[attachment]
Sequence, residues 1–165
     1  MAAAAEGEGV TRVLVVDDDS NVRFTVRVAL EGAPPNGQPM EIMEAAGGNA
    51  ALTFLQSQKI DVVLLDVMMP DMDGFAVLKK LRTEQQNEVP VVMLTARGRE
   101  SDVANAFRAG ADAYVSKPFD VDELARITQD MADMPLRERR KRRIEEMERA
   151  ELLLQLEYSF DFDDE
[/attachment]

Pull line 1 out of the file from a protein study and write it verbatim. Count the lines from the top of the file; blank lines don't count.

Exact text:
Sequence, residues 1–165